In my previous post I argued that the Church has a divine teaching authority, which means she has the authority to declare which doctrines are true and which are false. One of the objections I’ve encountered in discussions about this comes from the account of the Bereans in Acts 17. The Bereans, the objection goes, were praised for not simply submitting to Paul’s teachings but for checking those teachings against Scripture before accepting them. If the Bereans were praised for doing this with an Apostle, how much more ought we to do this with the Church? Therefore, we shouldn’t just accept the Church’s teachings – we should always check them against the Bible.
The context of Acts 17, as well as of Paul’s broader ministry, however, shows that this objection is unfounded. At the beginning of Acts 17, Paul has paid a visit to the Jewish synagogue in Thessalonica. Scripture tells us,
And Paul went in, as was his custom, and on three Sabbath days he reasoned with them from the Scriptures, explaining and proving that it was necessary for the Christ to suffer and to rise from the dead, and saying, “This Jesus, whom I proclaim to you, is the Christ” [Ac.17:2,3 all quotes from the ESV].
Paul opens the Scriptures and demonstrates to the Thessalonians how those Scriptures proclaim Christ. This was his main method for ministering to the Jews, as we can see from other examples in Acts (Acts 13, for example, gives a detailed look at how Paul went about “explaining and proving” Christ from the Old Testament). Some of Paul’s hearers were persuaded [v.4], but the Thessalonian Jews were not, and made their disagreement known with a city-wide temper tantrum [v.5]. In response, Paul and Silas leave under cover of night and travel to Berea. They do just what they did in Thessalonica and they pay a visit to the synagogue [v.10]. But the response of the Berean Jews was very different from the jealous Jews of Thessalonica. We read,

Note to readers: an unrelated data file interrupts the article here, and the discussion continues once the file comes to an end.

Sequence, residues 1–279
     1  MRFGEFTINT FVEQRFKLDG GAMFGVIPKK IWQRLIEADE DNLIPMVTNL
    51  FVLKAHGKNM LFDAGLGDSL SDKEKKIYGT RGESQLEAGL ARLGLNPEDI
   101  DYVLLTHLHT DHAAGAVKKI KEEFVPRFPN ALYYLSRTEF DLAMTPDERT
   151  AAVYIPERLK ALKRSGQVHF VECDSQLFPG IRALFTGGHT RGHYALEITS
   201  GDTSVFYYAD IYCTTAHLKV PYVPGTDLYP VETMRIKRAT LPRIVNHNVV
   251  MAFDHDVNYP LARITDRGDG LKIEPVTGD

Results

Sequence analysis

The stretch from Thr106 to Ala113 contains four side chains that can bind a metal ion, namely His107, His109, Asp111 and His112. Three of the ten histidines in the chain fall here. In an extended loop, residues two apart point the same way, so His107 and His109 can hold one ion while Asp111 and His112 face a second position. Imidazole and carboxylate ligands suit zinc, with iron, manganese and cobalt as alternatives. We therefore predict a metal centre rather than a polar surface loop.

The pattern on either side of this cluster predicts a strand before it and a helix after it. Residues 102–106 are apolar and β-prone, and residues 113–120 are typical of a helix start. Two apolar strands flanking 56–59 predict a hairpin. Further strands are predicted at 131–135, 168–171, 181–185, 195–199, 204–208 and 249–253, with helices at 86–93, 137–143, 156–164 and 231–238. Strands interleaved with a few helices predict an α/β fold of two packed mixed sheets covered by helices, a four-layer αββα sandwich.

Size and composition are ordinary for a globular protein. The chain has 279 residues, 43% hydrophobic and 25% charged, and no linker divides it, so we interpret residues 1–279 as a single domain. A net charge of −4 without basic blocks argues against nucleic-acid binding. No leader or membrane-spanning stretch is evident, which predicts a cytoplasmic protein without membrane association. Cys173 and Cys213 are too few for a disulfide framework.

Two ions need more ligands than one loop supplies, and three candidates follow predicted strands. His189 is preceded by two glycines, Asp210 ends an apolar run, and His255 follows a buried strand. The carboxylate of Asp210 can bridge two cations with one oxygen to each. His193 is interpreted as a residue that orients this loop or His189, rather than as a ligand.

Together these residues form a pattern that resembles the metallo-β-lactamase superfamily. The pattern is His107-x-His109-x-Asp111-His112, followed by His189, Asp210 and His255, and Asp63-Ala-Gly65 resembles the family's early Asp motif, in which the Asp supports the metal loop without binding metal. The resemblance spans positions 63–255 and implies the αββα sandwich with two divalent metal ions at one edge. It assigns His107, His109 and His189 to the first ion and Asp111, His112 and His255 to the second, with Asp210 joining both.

Now these Jews were more noble than those in Thessalonica; they received the word with all eagerness, examining the Scriptures daily to see if these things were so [Ac.17:11].
The Holy Spirit praises the Berean Jews, informing us that they “were more noble than those in Thessalonica.” But what exactly are they being praised for? Are they being praised for not merely accepting Paul’s gospel but for double-checking Scripture before accepting it? The nobility of the Bereans is contrasted here with the ignobility of the Thessalonians. So if the nobility of the Bereans lay in double-checking Paul’s teachings before accepting them, then the ignobility of the Thessalonians lay in accepting Paul’s teachings without double-checking them. But as we’ve seen, this isn’t what happened in Thessalonica. It wasn’t that they accepted Paul’s teachings without first seeing if Scripture supported them; it was that they didn’t accept Paul’s teachings at all. Their response to Paul’s ministry was one of sorely undignified unbelief.
The nobility of the Berean Jews, rather, was due to their “receiving the word in all eagerness.” They responded in faith to Paul’s message, and in that lay the remarkable contrast between them and the Thessalonian Jews. Luke’s comment about the Bereans examining the Scriptures is a description of their eagerness. Paul rode into town telling the Jews, “Look in the Scriptures and see the Christ they proclaim!” The Berean Jews, responding in eager faith to Paul’s message, had done exactly that. It wasn’t that Paul proclaimed the gospel and the Bereans responded by withholding acceptance until they’d double-checked Scripture. It was that Paul told them to open the Scriptures and encounter the Christ who dwells there. Paul’s ministry to the Jews was an announcement of the true meaning of the Scriptures God had entrusted to them.